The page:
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Suppose, an upper-triangular matrix A is invertible, has all equal entries on the main diagonal, and is not symmetric. Show that A cannot have n linearly independent eigenvectors.

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  • $\begingroup$ I guess the Identity matrix is an easy counterexample... $\endgroup$ – Vintarel May 15 '14 at 20:56
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    $\begingroup$ Identity is symmetric $\endgroup$ – ajotatxe May 15 '14 at 20:56
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Assume $A$ has $n$ linearly independent eigen vector. Then $A$ can be diagonalized, i.e., there exists $P$ in which its coulmns are all eigen of $A$ and diagonal matrix $D$ consists of all eigen values of $A$ such that $A=PDP^{-1}$. On the other hands, since $A$ is a upper-triangular matrix having equal entries on the main diagonal, namely $a$, then $D=\operatorname{diag}(a,\dots,a)=aI$. It follows that $$ A=PDP^{-1}=aI $$ that contradicts with the simmetricity of $A$.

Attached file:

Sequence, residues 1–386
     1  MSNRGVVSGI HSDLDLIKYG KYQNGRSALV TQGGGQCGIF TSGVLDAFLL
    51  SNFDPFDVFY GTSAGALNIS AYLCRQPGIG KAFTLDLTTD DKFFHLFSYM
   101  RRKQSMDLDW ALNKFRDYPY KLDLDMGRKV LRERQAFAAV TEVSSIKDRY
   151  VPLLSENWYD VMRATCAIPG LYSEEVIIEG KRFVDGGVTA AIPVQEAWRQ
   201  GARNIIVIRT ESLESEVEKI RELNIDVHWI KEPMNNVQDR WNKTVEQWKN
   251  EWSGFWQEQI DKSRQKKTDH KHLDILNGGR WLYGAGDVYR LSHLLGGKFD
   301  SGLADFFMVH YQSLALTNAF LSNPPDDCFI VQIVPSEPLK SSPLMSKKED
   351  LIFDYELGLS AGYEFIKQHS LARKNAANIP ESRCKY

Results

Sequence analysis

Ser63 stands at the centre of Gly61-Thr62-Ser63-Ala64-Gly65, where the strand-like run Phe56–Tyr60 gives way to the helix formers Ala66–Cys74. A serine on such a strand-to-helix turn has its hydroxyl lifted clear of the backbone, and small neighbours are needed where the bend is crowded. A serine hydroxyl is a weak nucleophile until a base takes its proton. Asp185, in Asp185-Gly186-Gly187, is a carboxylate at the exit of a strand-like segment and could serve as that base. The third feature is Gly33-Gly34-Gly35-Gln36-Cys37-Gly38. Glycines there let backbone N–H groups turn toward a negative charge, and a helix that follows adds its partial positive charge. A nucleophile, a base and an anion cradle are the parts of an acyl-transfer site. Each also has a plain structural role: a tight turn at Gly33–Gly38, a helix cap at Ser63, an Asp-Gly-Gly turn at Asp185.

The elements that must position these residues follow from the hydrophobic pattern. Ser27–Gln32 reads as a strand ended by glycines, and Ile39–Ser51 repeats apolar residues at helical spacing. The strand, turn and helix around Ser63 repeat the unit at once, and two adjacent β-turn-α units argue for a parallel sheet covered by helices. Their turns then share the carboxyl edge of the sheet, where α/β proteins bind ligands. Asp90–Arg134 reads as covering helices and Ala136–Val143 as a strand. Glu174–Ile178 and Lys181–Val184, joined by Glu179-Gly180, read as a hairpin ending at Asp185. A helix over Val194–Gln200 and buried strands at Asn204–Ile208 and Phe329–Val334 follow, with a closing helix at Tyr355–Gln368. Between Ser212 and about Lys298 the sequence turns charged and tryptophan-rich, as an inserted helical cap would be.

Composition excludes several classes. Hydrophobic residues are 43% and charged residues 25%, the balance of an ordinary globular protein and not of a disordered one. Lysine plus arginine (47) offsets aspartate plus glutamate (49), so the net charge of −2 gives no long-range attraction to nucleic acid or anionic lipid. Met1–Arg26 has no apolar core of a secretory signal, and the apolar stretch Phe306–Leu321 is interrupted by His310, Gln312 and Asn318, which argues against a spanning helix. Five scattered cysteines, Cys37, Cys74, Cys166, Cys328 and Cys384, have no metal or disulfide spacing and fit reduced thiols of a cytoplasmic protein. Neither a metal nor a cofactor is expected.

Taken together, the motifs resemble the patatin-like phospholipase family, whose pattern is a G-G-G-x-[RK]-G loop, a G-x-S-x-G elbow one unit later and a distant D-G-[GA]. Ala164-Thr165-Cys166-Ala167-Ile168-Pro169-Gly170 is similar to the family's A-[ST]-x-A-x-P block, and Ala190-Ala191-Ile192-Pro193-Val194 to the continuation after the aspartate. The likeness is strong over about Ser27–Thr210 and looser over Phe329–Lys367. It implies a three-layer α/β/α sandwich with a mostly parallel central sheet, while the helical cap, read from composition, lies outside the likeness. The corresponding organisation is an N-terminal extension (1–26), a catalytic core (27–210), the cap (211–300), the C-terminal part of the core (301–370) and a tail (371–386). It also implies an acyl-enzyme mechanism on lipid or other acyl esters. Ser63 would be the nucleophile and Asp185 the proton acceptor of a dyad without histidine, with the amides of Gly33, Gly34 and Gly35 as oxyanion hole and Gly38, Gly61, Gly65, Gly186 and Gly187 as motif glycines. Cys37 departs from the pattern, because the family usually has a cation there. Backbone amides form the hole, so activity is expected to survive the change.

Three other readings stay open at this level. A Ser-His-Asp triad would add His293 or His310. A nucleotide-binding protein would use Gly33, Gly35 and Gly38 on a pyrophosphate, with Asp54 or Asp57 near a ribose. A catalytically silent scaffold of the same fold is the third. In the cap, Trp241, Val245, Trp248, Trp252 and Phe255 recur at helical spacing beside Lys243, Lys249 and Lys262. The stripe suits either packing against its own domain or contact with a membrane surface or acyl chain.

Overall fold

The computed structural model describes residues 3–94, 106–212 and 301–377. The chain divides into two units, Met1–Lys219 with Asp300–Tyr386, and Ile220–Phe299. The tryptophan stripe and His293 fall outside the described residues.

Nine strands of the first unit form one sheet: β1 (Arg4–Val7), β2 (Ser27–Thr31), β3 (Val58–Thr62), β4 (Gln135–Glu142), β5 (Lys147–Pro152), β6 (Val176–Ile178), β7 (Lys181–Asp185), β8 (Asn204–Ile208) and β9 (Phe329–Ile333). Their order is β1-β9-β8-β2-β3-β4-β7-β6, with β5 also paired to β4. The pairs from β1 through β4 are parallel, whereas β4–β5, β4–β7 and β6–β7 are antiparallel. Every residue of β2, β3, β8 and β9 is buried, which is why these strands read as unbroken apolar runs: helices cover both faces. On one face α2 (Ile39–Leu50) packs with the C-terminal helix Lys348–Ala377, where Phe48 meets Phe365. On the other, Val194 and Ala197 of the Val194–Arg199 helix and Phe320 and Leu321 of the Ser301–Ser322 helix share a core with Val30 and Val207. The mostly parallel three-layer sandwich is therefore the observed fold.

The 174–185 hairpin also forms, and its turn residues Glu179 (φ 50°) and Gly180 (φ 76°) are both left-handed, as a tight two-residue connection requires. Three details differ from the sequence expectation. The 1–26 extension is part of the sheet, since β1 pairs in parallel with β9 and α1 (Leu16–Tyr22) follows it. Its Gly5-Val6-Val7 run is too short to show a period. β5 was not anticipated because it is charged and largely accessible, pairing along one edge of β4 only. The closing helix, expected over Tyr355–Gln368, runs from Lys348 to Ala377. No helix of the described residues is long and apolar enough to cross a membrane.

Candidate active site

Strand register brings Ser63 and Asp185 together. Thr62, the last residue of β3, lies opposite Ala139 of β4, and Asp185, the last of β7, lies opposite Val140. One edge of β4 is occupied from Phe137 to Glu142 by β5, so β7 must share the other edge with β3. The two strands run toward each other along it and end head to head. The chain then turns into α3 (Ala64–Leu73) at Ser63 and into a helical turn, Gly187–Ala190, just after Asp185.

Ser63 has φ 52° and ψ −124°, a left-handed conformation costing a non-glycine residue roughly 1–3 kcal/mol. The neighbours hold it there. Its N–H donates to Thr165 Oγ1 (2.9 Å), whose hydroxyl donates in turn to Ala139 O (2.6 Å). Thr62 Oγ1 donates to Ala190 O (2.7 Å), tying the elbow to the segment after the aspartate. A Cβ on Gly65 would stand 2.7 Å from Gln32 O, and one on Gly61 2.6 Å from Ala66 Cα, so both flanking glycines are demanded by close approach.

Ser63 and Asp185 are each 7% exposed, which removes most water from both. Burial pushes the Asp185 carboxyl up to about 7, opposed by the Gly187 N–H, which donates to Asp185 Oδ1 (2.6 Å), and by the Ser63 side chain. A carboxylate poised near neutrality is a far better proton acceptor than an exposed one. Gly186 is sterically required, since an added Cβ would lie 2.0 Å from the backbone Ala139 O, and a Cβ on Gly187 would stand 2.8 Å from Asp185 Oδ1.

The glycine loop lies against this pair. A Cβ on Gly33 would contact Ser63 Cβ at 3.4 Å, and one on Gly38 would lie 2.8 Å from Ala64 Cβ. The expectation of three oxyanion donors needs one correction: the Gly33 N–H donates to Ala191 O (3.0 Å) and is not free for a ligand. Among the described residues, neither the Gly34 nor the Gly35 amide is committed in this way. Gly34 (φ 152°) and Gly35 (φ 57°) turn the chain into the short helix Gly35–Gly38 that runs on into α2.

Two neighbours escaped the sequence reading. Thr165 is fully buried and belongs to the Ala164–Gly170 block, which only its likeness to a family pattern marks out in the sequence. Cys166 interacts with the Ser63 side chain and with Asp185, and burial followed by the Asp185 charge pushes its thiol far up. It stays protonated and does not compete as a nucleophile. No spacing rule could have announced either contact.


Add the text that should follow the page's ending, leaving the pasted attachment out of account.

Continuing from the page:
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If $A$ diagonal and isn't symmetric then there exists $a_{ij}$, $a_{ij} \neq 0$. Also since all diagonal elemets of $A$ equal (let's say $a = a_{11} = \dots = a_{nn}$) then eigen value is $a$ and has multiplicity $n$. Let $x$ be an eigen vector, then $a x_i + \sum_{m = i+1}^n a_{i m} x_m = a x_i$, and therefore $x_j = \frac{1}{a_{i j}} \sum_{m = i+1, m \neq j}^n a_{i m} x_m$. A component of eigen vector is represented via it's other components, hence there can't be $n$ linearly independent eigen vectors.

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